Comments

Subscribe to this thread:

Add a comment

INDY Week publishes all kinds of comments, but we don't publish everything.

  • Comments that are not contributing to the conversation will be removed.
  • Comments that include ad hominem attacks will also be removed.
  • Please do not copy and paste the full text of a press release.

Permitted HTML:
  • To create paragraphs in your comment, type <p> at the start of a paragraph and </p> at the end of each paragraph.
  • To create bold text, type <b>bolded text</b> (please note the closing tag, </b>).
  • To create italicized text, type <i>italicized text</i> (please note the closing tag, </i>).
  • Proper web addresses will automatically become links.

Latest in Visual Art



Twitter Activity

Comments

So glad to see Edgerton's painting exhibited and appreciated. He is a North Carolina living treasure. …

by Sharon B on Clyde Edgerton, Painter? A Noted North Carolina Novelist Gets Visual with Photographer John Rosenthal. (Visual Art)

Great article! Good luck DAM!

by J.P. McPickleshitter on In The Carrack’s Former Digs, Durham Artists Movement Creates a Safe Space for Diverse Voices (Visual Art)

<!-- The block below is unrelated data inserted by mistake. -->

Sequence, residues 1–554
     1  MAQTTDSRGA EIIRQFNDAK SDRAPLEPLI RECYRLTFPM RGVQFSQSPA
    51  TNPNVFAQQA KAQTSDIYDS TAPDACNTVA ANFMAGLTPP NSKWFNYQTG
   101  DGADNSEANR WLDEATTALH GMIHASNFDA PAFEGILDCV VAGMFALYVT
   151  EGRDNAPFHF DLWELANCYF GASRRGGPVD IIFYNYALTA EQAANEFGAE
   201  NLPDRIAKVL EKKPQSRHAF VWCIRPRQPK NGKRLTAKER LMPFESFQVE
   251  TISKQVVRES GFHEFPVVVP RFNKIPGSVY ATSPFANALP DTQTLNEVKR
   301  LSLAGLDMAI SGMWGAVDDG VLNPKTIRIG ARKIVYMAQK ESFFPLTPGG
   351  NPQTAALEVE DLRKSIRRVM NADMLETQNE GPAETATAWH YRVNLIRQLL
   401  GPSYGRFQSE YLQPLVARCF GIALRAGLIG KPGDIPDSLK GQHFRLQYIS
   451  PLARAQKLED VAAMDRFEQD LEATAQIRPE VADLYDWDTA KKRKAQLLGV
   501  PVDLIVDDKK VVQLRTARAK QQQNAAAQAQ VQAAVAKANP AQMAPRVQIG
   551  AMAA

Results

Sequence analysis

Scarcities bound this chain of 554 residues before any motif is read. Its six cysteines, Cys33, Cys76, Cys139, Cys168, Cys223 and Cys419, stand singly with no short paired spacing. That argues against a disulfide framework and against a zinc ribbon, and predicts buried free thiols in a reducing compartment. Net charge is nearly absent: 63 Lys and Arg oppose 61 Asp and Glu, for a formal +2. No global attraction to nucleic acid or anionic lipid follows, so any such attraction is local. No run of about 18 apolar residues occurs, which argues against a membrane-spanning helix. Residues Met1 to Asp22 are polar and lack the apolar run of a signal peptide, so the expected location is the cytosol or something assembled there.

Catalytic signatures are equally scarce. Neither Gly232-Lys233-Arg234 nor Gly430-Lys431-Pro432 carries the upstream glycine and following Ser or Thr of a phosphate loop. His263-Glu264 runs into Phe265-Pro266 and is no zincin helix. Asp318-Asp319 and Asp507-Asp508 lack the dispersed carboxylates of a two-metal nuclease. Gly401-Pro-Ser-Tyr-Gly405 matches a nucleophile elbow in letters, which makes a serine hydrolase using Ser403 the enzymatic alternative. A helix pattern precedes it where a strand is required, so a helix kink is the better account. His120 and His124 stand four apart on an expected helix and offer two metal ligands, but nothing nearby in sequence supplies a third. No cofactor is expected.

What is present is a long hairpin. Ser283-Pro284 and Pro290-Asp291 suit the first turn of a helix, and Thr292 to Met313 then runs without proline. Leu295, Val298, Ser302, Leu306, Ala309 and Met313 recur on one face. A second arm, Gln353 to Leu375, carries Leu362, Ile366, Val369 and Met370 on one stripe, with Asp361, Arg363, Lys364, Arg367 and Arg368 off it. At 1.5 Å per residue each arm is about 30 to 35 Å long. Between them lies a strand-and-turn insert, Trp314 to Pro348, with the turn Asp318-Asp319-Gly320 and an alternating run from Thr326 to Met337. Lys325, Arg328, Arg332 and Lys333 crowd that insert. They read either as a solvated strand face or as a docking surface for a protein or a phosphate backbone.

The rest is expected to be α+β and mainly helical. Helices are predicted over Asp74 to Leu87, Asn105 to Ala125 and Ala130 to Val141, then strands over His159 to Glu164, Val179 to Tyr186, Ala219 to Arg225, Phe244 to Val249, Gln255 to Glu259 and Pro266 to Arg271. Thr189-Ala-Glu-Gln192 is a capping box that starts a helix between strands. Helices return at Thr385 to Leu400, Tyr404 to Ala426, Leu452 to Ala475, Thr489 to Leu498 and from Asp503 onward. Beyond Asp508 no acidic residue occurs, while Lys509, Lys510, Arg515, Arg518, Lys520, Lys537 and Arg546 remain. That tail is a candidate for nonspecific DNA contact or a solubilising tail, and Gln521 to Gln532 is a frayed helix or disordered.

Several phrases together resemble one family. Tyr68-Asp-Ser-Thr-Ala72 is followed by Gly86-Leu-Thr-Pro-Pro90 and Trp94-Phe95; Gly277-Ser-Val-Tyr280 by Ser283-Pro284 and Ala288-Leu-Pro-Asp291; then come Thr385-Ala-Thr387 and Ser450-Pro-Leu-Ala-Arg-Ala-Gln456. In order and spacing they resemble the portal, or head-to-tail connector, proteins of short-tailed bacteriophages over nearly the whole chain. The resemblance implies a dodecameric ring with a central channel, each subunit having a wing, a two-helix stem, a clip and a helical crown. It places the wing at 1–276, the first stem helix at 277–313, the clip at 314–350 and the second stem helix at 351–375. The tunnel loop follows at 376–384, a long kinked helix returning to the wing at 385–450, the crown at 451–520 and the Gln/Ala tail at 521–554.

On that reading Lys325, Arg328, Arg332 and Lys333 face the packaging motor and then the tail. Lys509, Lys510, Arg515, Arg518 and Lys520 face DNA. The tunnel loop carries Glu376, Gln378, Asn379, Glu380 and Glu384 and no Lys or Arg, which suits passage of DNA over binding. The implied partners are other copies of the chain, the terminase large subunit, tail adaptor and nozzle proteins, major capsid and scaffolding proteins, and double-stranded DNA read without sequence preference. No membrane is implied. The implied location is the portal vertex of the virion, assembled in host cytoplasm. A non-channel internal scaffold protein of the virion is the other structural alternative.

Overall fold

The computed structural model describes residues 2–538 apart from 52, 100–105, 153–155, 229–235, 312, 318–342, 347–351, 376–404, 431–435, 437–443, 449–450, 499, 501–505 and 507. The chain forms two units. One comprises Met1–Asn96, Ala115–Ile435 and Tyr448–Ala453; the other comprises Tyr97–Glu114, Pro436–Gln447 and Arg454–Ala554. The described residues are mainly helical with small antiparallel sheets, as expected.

Most Recent Comments

So glad to see Edgerton's painting exhibited and appreciated. He is a North Carolina living treasure. …

by Sharon B on Clyde Edgerton, Painter? A Noted North Carolina Novelist Gets Visual with Photographer John Rosenthal. (Visual Art)

Great article! Good luck DAM!

by J.P. McPickleshitter on In The Carrack’s Former Digs, Durham Artists Movement Creates a Safe Space for Diverse Voices (Visual Art)

We have a well-equipped infrastructure which is supported by technologically advanced machines and tools that allow us to offer latest …

by Sumit Chaudhary on Chris Bradley finds creative opportunities in the simplest of objects in Close One at CAM Raleigh (Visual Art)

I believe one of the artists mentioned is actually Sally Van Gorder, not Gordon.

by MH on A novel agreement between a landlord and artists gives Raleigh a new art space (Visual Art)

I remember when SAJ had her Tree Planting exhibit at the John Hope Franklin Center years ago. The most amazing …

by Pamela Gutlon on In the provocative exhibit Wonderland, Sarah Anne Johnson turns sex and nature inside-out (Visual Art)

© 2017 Indy Week • 320 E. Chapel Hill St., Suite 200, Durham, NC 27701 • phone 919-286-1972 • fax 919-286-4274
RSS Feeds | Powered by Foundation